Noun: Noun is the basic entity of grammar. It is the name of place, thing, idea, feeling, activity, animal or quality. For e.g. Ram, Cat, Pencil are all noun. The noun can be further of three types: possessive, singular or plural.

Pronoun: Pronoun is something that calls the noun or takes its place. For e.g. I, they, we, etc.

Verb: A verb is a word that is used to express or show an activity. For e.g. walk, sit, run, see, raise, etc. are all verbs. There is a quality of verb – the verb is also used to show a tense by changing its form. All three tenses can easily be represented with the help of a verb. For e.g. while the word walk denotes the present tense, the word ‘walked’ is the past form of this verb.

Adverb: When some words tell or talk about the verb, they are said to be adverbs. For e.g. when, why, how, where, etc.

Adjective: Whenever there needs be any requirement of qualifying a noun, we use an adjective. For e.g. ‘She was wearing a red dress.’ ‘Red’ word is here qualifying or adding some quality to the noun, so it is an adjective here.

Proposition: A preposition relates nouns or pronouns. For e.g. in, on, beside, ahead, apart are all prepositions. It is used to express various things like reason, motion, time, etc.

Conjunction: As the proposition connects nouns/pronouns, conjunction connects two phrases or words. E.g. and, or, but, etc.

Interjection: Interjection is a word which expresses an emotion. For e.g. Alas, hurray, yippee, etc.

Articles: It is a word which modifies a noun. Articles are used mostly to refer to a noun.


No sentence is ever complete without using punctuations. A full stop in itself is punctuation. Some of the punctuations used commonly are:

Capitalization: It is known to all the basis English knowers that each sentence starts with a capital letter. For e.g., Ram is a good boy. In this sentence, ‘R’ of Ram is capital because it is from this letter that the sentence is starting. Apart from the first letter of the sentence, name of books, people, special places, countries, etc. are all capitalized.

Question mark: Whenever a sentence is proposed to ask a question, it ends with a question mark. For e.g.

‘How do you do?’

Period/Full Stop: A usual sentence ends with a period. Naturally, a sentence which doesn’t end with an exclamation mark or question mark, it ends with a period. For e.g.

My name is David.

Colon: It is used to separate a sentence in two parts, especially when one part explains the second one. There is a semicolon (;) as well which is sometimes used in place of conjunction. You will find its common use before words like ‘therefore’ or ‘however’.

For e.g.

‘The parts of speech are Adverb, Verb, Noun, etc.

Commas (,): These are used in the sentence where there is any need for a pause in the sentence. These are also used to separate the different things, day of months, etc. For e.g.

‘She bought many things like apple, banana, pencil, cup, etc. ‘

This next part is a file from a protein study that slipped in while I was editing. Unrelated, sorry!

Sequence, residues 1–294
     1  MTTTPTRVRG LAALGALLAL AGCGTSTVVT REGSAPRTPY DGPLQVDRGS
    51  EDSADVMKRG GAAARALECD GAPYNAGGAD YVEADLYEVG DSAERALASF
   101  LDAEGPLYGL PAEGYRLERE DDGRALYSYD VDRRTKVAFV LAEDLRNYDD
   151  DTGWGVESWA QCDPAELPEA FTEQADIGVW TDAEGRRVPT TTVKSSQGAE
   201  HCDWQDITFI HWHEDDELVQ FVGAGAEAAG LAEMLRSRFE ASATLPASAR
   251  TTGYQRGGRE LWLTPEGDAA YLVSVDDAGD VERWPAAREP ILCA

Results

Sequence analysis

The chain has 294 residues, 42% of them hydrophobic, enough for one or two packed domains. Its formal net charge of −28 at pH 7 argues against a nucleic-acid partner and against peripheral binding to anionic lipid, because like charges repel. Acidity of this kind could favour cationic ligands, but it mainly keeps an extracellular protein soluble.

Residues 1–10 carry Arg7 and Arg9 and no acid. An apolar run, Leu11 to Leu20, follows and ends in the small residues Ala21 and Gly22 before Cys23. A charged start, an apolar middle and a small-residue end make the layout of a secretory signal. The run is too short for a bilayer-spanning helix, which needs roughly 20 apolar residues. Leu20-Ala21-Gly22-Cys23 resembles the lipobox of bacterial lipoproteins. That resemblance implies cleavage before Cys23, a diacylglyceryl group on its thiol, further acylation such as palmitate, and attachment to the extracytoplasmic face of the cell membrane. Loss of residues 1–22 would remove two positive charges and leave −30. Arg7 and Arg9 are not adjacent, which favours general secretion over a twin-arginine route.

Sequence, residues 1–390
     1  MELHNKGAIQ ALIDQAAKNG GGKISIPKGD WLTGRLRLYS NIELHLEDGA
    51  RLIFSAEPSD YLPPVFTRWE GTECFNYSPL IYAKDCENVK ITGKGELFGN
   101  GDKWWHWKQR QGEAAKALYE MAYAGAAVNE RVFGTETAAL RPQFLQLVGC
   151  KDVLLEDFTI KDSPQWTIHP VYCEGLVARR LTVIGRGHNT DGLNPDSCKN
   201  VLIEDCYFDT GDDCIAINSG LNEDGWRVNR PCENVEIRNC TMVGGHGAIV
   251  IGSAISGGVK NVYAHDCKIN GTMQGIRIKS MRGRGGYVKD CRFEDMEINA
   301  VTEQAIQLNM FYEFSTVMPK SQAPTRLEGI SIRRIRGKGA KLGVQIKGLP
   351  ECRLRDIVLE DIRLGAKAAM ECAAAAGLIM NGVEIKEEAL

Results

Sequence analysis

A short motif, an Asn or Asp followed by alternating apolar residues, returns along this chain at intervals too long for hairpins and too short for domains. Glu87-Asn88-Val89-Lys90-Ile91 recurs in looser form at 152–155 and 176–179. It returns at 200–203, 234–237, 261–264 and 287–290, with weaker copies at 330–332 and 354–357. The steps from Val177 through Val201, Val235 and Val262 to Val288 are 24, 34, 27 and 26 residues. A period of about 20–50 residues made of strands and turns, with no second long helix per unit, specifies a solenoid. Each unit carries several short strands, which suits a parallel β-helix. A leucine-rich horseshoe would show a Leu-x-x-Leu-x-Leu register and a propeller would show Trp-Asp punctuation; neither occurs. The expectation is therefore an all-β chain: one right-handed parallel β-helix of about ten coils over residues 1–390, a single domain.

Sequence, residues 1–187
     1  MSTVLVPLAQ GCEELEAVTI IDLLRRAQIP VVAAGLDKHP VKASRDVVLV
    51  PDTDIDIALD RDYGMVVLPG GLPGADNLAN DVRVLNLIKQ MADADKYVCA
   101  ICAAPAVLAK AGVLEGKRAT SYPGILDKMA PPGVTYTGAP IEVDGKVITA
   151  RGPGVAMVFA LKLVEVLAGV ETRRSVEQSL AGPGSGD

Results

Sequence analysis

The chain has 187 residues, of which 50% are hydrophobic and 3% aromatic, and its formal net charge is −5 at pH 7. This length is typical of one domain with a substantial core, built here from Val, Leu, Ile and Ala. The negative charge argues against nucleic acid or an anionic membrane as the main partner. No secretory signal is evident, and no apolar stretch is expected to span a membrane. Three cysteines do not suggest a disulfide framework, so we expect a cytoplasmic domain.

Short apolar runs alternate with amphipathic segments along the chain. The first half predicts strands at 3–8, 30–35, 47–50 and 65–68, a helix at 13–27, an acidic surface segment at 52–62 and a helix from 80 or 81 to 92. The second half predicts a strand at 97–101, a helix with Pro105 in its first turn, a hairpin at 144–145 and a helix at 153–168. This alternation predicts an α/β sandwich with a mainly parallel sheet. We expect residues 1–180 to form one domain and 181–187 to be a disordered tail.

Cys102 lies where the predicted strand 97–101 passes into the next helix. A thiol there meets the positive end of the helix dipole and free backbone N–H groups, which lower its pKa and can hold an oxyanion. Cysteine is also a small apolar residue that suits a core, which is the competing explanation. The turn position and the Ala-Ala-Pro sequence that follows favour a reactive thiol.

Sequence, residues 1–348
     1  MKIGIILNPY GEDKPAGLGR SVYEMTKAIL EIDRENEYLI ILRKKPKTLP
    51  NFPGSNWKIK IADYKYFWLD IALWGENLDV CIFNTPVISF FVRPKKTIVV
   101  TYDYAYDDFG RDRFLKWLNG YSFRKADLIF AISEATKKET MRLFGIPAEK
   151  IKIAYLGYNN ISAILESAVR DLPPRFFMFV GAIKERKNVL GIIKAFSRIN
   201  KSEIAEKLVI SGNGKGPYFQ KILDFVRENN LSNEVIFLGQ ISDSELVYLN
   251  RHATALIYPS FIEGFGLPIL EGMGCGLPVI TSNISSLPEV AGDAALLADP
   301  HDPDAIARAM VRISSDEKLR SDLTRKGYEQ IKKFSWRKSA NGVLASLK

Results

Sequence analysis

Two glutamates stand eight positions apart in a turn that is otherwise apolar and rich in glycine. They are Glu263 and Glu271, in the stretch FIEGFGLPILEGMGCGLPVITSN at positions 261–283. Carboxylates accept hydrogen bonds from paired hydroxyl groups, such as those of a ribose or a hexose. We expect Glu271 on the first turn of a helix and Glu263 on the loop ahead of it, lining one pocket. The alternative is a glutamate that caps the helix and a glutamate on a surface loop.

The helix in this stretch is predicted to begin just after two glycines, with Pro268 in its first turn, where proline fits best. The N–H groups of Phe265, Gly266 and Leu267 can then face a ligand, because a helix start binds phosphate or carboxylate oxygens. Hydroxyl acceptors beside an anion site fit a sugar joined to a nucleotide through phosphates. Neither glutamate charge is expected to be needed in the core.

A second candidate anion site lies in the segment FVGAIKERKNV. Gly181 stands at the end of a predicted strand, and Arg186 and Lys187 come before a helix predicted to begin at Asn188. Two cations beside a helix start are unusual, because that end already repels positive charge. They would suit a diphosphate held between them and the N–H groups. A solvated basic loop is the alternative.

Apostrophes (‘): It is used to show possession or in contractions. E.g.

‘Child’s play.’

There is one more rule for the use of an apostrophe. An apostrophe is used with s, if the noun is singular. And an apostrophe alone is used when the noun form is plural.

So, now you know all, parts of speech, punctuations, and types of sentences. The more you will practice making the sentences with them, the more you will get a hold on them.

Sentence formation in English with grammar

Let us now understand some more advanced grammar-related terminologies that help in constructing a sentence as well as understanding the structure of the sentence.

1. Object:

With subject and predicate, there is one more thing worth learning i.e. object. The object is the thing or the person upon which the verb acts. E.G. will make it more clear.

The singer is singing a song.

Here the object is ‘song’. It is the thing upon which the verb is relying. The verb singing depends on the thing song.

2. Transitive/Intransitive Verbs

These are simple to identify verbs. If any verb has an object attached to it, it is called transitive verb.

For e.g.

‘She sang a song.’

So in this sentence, the verb ‘sang’ has an object ‘song’ attached to it. So the verb and is a transitive verb. Now let us take the next example.

‘She consented.’

Here the verb ‘consent’ doesn’t have any object attached to it. The sentence is not clarifying that the subject ‘She’ consented for what. So it is an intransitive verb for sure.

The confusion arises when a verb seems to be both transitive and intransitive. For e.g. the verb ‘sing’ gave rise to such confusion sometimes.

3. Adverbials:

The adverbial works in line with an adverb i.e. it qualifies the verb. But the only difference is that an adverbial instead of qualifying the verb with a single word, it expresses in detail about how the action in the verb is/was done.

For e.g.

‘He spoke very politely.’

In this sentence, ‘politely’ is an adverb, but ‘very politely’ is adverbial.

4. Complement:

As the adverbial talks more about the verb, the complement talks more about the subject. It sometimes even talks in detail about the object also. Let us learn by example. The example of the complement talks about the subject.

‘She became a doctor.’

In the following sentence, the complement talks about the object.

‘She painted the wall red.’

Sometimes, we get confused between the adverbial and the compliment. With utmost care and precision only will you be able to differentiate between these two.

So, in this section, I have tried to explain all the basic terminologies, patterns, punctuations, etc. used to make a common sentence that doesn’t involve the complex use of the tense structures. Later, I am going to discuss the tenses as well. Till then learn, practice, and understand the above-defined concepts well.